By Jonathan E. Kaplan - 02/14/07 12:00 AM EST
House Democratic leaders quickly decided last week to adopt a “less-is-more approach” on the Iraq war debate, managing to make a decision that would have taken weeks in the minority, said Democratic Caucus Chairman Rahm Emanuel (D-Ill.).
Having watched the Senate fail to pass a resolution, House Democratic leaders swiftly pivoted. They scrapped the idea of debating a more complex resolution proposed by Sen. John Warner (R-Va.) and proposed a narrower measure.
Had the Democrats still been in the minority, the decision over how to debate Iraq would have paralyzed them for weeks, Emanuel said.
Instead, in phone calls, private meetings and discussions on the House floor, the leaders decided last week to move forward with the current approach.
However, there were bumps in the road. Democrats initially indicated that Republicans would be given an opportunity to offer an Iraq-related amendment, but then changed their minds.
The Hill reported Tuesday that that reversal led to tension between Speaker Nancy Pelosi (D-Calif.) and Majority Leader Steny Hoyer (D-Md.).
Brendan Daly, Pelosi’s communications director, said, “Contrary to Tuesday’s article in The Hill, Speaker Pelosi, Majority Leader Hoyer, and the entire Democratic leadership are in complete agreement on how to proceed on the debate on the resolution on Iraq and on the entire Democratic agenda.”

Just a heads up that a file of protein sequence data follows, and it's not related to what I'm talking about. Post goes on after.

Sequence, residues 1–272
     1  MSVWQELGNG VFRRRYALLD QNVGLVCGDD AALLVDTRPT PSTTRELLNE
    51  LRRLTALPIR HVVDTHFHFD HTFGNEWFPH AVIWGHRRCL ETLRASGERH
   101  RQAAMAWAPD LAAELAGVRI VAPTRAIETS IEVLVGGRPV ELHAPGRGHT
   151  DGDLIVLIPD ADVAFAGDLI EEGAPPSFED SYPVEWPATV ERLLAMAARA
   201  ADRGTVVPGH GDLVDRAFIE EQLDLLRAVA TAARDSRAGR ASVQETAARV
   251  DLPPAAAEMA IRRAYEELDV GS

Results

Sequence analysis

Insiders love to analyze relationships among House leaders. For years, former Speaker Dennis Hastert (R-Ill.) and former Majority Leader Tom DeLay (R-Texas) were subjected to questions of who was really in charge of the GOP conference.
Hoyer and Pelosi have generated the same level of scrutiny because of their past rivalries. In 2001, Pelosi defeated Hoyer to become the minority whip. Last year, she backed Rep. John Murtha (D-Pa.) for majority leader.
But a cross-section of lawmakers loyal to Pelosi and Hoyer say that they are working well together.
“They’re pros,” said Rep. Anna Eshoo (D-Calif.), a Pelosi ally. “This town likes to measure hiccups, my guess is because we’re inside the Beltway. Both of them understand the responsibility and the burden given to them.”
“Steny is doing all he can to coordinate efforts, to make sure that we have a well-coordinated leadership team,” said Rep. Ron Kind (D-Wis.), who was one of Hoyer’s deputy whips. “If there is any tension, it’s not visible to the average member [of Congress].”
While Pelosi and Hoyer do not have weekly one-on-one meetings, they talk “all the time” on the House floor and on the telephone, Daly said.